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Access to Healthy Food For Every Member of the Market Community

Posted October 27, 2020

When the stay-at-home order was implemented in March, our community services came together quickly to ensure that everyone in the neighborhood has access to the food they need while staying safe. Through a close collaboration between PDA residential managers, the Pike Market Senior Center + Food Bank and The Market Commons, our community has been provided equitable and easy access to nutritious meals and grocery bags.

The Market Commons Implements Their Emergency Food Response

The Market Commons launched an Emergency Food Distribution Program to ensure senior residents in the Market had access to groceries or meals without leaving their homes. In closing their doors, they transformed The Commons into a miniature food bank. 

They packed emergency grocery bags of shelf-stable food so that residents would have a steady supply while remaining quarantined. For residents who were unable to cook for themselves, The Commons worked with the PDA Residential team to deliver 21 pre-cooked meals per week.

“Thank you so much for the meals,” said a Market resident. “This has really taken a lot of stress off about whether or not to go out and how to safely get food.” 

When operating the program from March to September, The Market Commons staff delivered 989 emergency food bags and 15,737 emergency meals.

The Pike Market Food Bank Pivots To Provide Groceries Safely

In early 2020, the Pike Market Food Bank was excited to unveil a grocery distribution model to create a relaxed and dignified environment for their shoppers. When lockdown hit in March 2020, the hard-working staff and volunteers quickly pivoted to a take-away window for the families and individuals in need of groceries every week. 

“There were no cut hours. The Food Bank didn’t blink – they went right to re-adjusting services and stepping up for the community.” said Mason Lowe, Deputy Director of the Pike Market Senior Center & Food Bank. 

They also ensured the values behind their grocery-store model could still be applied to their current services. With the take-away window comes the ability for shoppers to have a safely distanced one-on-one dialogue with staff as their grocery bags are filled.

“While we wanted to provide the grocery service experience in 2020, we are still giving them the same intention of choice with the concierge service and good quality food from our front door,” explains Mason.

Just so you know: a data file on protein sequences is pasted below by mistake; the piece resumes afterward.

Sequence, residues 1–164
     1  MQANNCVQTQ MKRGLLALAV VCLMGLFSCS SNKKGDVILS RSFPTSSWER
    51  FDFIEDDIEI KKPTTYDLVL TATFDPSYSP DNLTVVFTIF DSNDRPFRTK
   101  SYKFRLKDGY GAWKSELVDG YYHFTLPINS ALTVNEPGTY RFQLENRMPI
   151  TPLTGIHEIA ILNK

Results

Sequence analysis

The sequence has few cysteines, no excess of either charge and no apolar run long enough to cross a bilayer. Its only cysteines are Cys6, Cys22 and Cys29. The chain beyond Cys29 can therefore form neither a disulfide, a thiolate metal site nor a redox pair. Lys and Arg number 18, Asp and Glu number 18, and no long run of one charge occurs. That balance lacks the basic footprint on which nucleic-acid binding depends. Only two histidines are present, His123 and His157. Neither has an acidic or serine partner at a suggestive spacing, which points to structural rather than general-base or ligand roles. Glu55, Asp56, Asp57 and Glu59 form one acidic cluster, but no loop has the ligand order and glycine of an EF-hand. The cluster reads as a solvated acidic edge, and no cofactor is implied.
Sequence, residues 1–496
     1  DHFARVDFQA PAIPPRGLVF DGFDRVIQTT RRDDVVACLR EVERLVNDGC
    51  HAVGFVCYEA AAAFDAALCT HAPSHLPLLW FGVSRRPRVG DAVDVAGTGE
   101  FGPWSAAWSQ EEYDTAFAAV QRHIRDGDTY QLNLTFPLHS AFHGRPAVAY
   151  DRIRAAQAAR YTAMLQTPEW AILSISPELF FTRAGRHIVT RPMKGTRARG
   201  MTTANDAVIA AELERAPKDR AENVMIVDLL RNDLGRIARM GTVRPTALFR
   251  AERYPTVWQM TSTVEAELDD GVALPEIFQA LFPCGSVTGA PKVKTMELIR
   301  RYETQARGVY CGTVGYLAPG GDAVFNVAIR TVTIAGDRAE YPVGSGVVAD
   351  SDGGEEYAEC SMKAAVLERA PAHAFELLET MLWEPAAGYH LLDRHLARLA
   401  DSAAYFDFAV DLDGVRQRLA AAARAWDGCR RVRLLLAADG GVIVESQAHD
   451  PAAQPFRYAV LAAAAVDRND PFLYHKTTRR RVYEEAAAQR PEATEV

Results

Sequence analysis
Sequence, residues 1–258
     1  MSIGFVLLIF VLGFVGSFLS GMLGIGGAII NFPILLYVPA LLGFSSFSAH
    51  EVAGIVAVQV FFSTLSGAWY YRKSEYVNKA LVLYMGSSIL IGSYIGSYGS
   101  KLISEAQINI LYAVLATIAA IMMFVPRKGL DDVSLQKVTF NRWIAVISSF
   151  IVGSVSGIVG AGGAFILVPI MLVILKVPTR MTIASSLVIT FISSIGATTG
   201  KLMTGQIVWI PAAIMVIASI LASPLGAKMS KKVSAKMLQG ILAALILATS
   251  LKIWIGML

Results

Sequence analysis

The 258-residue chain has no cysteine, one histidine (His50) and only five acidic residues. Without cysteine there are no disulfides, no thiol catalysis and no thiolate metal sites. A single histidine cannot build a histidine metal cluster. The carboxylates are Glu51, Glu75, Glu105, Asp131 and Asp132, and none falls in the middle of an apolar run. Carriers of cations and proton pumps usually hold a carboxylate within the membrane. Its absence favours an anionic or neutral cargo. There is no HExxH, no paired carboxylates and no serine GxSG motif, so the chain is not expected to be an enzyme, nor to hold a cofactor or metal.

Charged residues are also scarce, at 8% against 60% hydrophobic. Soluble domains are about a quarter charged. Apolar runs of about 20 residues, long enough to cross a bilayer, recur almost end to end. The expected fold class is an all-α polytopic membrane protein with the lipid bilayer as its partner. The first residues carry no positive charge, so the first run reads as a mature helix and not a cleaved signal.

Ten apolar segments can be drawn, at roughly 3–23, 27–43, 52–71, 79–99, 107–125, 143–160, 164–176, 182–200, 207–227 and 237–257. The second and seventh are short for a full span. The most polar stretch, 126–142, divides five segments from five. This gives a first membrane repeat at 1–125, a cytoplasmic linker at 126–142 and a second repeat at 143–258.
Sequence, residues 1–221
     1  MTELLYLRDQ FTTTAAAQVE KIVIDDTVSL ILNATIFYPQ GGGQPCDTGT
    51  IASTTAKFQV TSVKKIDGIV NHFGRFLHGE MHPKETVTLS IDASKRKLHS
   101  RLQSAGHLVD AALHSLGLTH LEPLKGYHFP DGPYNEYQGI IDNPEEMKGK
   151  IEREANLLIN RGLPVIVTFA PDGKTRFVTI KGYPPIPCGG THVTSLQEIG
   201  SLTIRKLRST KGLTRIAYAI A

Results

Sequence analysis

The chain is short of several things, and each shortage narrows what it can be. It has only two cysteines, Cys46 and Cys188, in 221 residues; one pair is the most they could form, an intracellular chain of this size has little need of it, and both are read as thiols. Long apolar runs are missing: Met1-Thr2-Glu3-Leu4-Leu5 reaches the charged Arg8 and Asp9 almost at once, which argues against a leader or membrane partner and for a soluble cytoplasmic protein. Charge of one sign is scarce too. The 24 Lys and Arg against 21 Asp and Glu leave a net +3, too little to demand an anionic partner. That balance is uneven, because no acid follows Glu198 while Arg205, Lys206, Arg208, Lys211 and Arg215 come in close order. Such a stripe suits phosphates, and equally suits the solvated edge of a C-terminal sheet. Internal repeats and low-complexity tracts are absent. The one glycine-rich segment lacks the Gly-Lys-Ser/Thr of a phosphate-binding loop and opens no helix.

There’s been a noticeable number of new faces and local addresses added to the Food Bank’s shopper list as unemployment in the city has risen. But The Food Bank is maintaining their food donation streams and allowing anyone in need with the opportunity to receive fresh groceries and non-perishable items. Since the shutdown Market residents and downtown neighbors have made 24,898 visits to the Food Bank, where they can access fresh produce, shelf-stable food, and ready-to-eat options for shoppers experiencing homelessness.  

The Senior Center’s Daily Meal Service Stays In Place

As places closed across the city in early March, the Pike Market Senior Center didn’t skip a beat in providing their vital meal services. Known in the neighborhood for daily breakfast and lunch programs where members can gather, the Senior Center quickly transitioned in COVID-19 times to serve take-away meals. They are open every day to give out nutritious meals for anyone age 55 or older. Since March, they’ve served 18,793 meals to the community.

The staff continue to offer space for members experiencing homelessness to safely eat indoors and use restroom services. “It’s especially nice for members experiencing homelessness to come in and wash their hands and have access to a clean restroom,” said Deputy Director Mason Lowe, “There’s almost nowhere for people experiencing homelessness to go. But everyone deserves a peaceful place to eat and somewhere they feel welcome.”

The Market Commons Retains Their Low-Barrier Food Access Program

Pike Place Market is famous for its fresh produce sourced from local farmers. It is crucial that community members of every income level can have access to this nutritional food. As COVID-19 became a longer-term fixture in our lives, the team at The Market Commons has worked to connect these residents to more permanent food support resources.

One such program is the summer CSA produce boxes, where participants receive a weekly box of farm fresh produce at little to no cost. The team at The Commons was able to create a safe yet welcoming no-contact pickup to ensure that Market seniors, families, and neighbors could still enjoy the locally grown goodies. This is especially important in these times when many Market Community members are struggling to access the food they need due to the impacts of COVID-19.

“We definitely eat more produce now, it’s just too expensive otherwise,” says a community member who receives the CSA box,  “And everything is so fresh and delicious!”

Access to fresh, healthy food for our neighbors has always been at the heart of the mission of the Market and this value extends to every member of the community, regardless of their income or ability to pay. 

Support access to healthy food for everyone in the Market, regardless of their income or ability to pay.